Monday, November 27, 2006


Two students came late to the Mysore (self-practice) ashtanga yoga class.

Late as in they began setting up their mats and assorted props and sundries 15 minutes before class ended.

It was not a big deal since the teacher was sticking around to do her own practice after class anyway.

The teacher didn't give them any help, however, because 1) She was off the clock 2) She was focusing on her own practice 3) She believes such behavior rewards tardiness, and 4) They didn't ask for any.

At a couple of points the teacher left the room to attend to some business, and returned later to pick up where she'd left off.

Upon one return, the students told her they had been watching her and were concerned about her practice.

Apparently she'd been dangling her head in Caturanga Dandasana (a sort of push-up) and doing some weird neck-thing in Uttanasana (standing forward bend).

She conceded, and explained she was in pain from teaching the previous day's Mysore class and had been rushing thru Caturanga to get it over with as quickly as possible. They made suggestions about her shoulder placement and one of them even adjusted her.

It felt good.

Damn good.

Later one of them kindly offered her an adjustment in Supta Vajrasana, which she politely decllined. The shelf under which she'd wedged her knees worked just fine.

After seeing her barely grasping her thigh in her bloated, post-Thanksgiving rendition of an intense seated twist called Ardha Matsyendrasana, one of them suggested she modify the pose and showed her the options.... much the same way she'd often explained the same modifications to her newest beginning students. The teacher, slightly defensive, said something about having back issues and the twist being deep enough as it was. The suggestor said the modificiations had been learnt from Famous Iyengar Teachers.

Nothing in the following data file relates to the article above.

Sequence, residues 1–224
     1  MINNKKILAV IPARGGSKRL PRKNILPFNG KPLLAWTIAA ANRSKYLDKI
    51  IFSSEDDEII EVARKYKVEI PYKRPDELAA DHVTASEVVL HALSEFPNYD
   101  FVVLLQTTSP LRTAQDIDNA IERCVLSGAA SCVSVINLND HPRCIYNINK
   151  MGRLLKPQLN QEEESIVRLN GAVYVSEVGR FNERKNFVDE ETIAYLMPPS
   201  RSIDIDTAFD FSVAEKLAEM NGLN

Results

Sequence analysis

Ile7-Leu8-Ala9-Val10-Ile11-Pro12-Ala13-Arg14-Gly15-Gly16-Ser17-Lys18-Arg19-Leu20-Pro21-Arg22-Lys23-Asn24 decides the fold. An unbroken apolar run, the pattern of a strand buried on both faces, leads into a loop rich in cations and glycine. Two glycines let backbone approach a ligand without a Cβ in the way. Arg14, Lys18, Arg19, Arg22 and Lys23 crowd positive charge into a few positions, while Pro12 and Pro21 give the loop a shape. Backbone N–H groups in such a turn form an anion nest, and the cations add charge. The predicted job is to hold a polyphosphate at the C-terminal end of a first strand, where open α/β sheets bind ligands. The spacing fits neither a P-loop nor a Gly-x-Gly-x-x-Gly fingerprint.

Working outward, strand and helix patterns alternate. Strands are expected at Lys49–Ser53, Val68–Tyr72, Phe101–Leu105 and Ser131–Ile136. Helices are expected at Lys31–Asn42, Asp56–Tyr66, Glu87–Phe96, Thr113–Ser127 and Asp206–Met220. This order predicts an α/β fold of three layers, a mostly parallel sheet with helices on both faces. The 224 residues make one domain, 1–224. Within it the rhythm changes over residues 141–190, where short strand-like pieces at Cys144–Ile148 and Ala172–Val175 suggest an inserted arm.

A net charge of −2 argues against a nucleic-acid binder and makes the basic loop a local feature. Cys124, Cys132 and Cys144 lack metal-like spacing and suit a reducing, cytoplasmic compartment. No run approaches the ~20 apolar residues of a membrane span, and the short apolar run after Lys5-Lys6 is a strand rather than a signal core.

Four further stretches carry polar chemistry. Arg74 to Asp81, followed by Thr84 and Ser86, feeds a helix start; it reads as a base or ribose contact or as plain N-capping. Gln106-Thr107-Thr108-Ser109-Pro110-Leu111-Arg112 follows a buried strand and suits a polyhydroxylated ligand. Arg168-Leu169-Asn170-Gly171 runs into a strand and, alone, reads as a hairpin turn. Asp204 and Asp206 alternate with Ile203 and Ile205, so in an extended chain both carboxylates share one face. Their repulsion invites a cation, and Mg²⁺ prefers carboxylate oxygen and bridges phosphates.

The teacher, who'd learnt her own modifications for various poses from 1) Famous Ashtanga Teachers* 2) The many workshops, intensives and retreats she'd attended and written about over the past decade, and 3) By working with her own tight, old and misshapen body and those of her students, held her tongue and did the pose her way.

It was also suggested that she go to a teacher who is well- known for knowing many ashtanga modifications, particularly for the injured.

The teacher was nonplussed.

The ego however was not confused.

It was annoyed.

But the practice went on, such as it was.

And the mouth remained closed, and no words about proper drishti (gazing point) and so on spewed forth.

Not til much later, anyway, when the hands took over and began typing up a storm.


* Famous Ashtanga Teachers such as Maty Ezraty and the Millers Chuck and TIm, among others.


  1. I love your writing.. its so.... pithy... (which could be someone with a lithsp saying pissy, but you know what I mean)

    anyway, what a bore having to hold your tongue but a fine example of self discipline and control - surely side effects of all your hundred years of practice (to their 2, probably)

    Think I would have stared em down and said in my best East End Steven Berkoff voice "you facking looking at me?"

    or not. :)
    Dr D x

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